Savian History, Family Crest & Coats of Arms
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Early Origins of the Savian family
The surname Savian was first found in Somerset where they held a family seat as Lords of the Manor. The Saxon influence of English history diminished after the Battle of Hastings in 1066. The language of the courts was French for the next three centuries and the Norman ambience prevailed. But Saxon surnames survived and the family name was first referenced in the year 1372 when they held lands.
Early History of the Savian family
This web page shows only a small excerpt of our Savian research. Another 79 words (6 lines of text) covering the years 1455, 1487, 1626 and 1710 are included under the topic Early Savian History in all our PDF Extended History products and printed products wherever possible.
Savian Spelling Variations
Spelling variations in names were a common occurrence before English spelling was standardized a few hundred years ago. In the Middle Ages, even the literate spelled their names differently as the English language incorporated elements of French, Latin, and other European languages. Many variations of the name Savian have been found, including Saffin, Safin, Saffen, Savin, Saven and others.
Early Notables of the Savian family (pre 1700)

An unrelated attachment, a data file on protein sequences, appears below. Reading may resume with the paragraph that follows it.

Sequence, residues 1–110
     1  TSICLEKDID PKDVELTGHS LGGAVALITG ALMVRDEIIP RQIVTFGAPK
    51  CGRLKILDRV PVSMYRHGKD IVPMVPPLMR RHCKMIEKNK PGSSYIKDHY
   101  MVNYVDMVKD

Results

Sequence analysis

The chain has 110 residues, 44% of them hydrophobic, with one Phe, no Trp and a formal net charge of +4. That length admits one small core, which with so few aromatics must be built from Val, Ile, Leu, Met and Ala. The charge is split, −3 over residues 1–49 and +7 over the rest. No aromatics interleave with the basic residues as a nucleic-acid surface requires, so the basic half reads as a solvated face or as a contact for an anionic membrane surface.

More information is included under the topic Early Savian Notables in all our PDF Extended History products and printed products wherever possible.
Migration of the Savian family
Families began migrating abroad in enormous numbers because of the political and religious discontent in England. Often faced with persecution and starvation in England, the possibilities of the New World attracted many English people. Although the ocean trips took many lives, those who did get to North America were instrumental in building the necessary groundwork for what would become for new powerful nations. Some of the first immigrants to cross the Atlantic and come to North America bore the name Savian, or a variant listed above: the name represented in many forms and recorded from the mid 17th century in the great migration from Europe. Among the early settlers of New England was John Saffin from Devonshire, who settled in Boston before 1650. A Rich Saffin was granted land in Virginia in 1663.
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